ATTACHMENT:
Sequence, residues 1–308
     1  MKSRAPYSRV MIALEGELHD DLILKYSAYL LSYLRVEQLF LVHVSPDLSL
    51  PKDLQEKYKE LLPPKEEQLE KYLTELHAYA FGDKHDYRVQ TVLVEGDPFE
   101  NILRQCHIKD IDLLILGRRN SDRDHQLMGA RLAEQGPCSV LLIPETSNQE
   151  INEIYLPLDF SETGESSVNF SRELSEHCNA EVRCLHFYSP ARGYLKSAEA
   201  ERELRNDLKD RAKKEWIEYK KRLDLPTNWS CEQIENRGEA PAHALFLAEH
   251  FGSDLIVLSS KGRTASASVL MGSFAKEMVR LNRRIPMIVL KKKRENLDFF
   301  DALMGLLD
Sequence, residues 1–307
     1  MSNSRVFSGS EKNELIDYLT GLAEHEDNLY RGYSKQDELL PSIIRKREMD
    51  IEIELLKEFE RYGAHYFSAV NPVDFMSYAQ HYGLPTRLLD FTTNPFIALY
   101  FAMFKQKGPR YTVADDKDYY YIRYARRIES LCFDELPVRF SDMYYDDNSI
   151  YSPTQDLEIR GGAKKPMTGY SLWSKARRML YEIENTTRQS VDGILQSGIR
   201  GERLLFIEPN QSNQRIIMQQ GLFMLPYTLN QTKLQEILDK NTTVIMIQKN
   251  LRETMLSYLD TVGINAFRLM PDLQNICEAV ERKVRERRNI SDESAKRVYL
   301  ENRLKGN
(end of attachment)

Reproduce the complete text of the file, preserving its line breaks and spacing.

Sequence, residues 1–308
     1  MKSRAPYSRV MIALEGELHD DLILKYSAYL LSYLRVEQLF LVHVSPDLSL
    51  PKDLQEKYKE LLPPKEEQLE KYLTELHAYA FGDKHDYRVQ TVLVEGDPFE
   101  NILRQCHIKD IDLLILGRRN SDRDHQLMGA RLAEQGPCSV LLIPETSNQE
   151  INEIYLPLDF SETGESSVNF SRELSEHCNA EVRCLHFYSP ARGYLKSAEA
   201  ERELRNDLKD RAKKEWIEYK KRLDLPTNWS CEQIENRGEA PAHALFLAEH
   251  FGSDLIVLSS KGRTASASVL MGSFAKEMVR LNRRIPMIVL KKKRENLDFF
   301  DALMGLLD
Sequence, residues 1–307
     1  MSNSRVFSGS EKNELIDYLT GLAEHEDNLY RGYSKQDELL PSIIRKREMD
    51  IEIELLKEFE RYGAHYFSAV NPVDFMSYAQ HYGLPTRLLD FTTNPFIALY
   101  FAMFKQKGPR YTVADDKDYY YIRYARRIES LCFDELPVRF SDMYYDDNSI
   151  YSPTQDLEIR GGAKKPMTGY SLWSKARRML YEIENTTRQS VDGILQSGIR
   201  GERLLFIEPN QSNQRIIMQQ GLFMLPYTLN QTKLQEILDK NTTVIMIQKN
   251  LRETMLSYLD TVGINAFRLM PDLQNICEAV ERKVRERRNI SDESAKRVYL
   301  ENRLKGN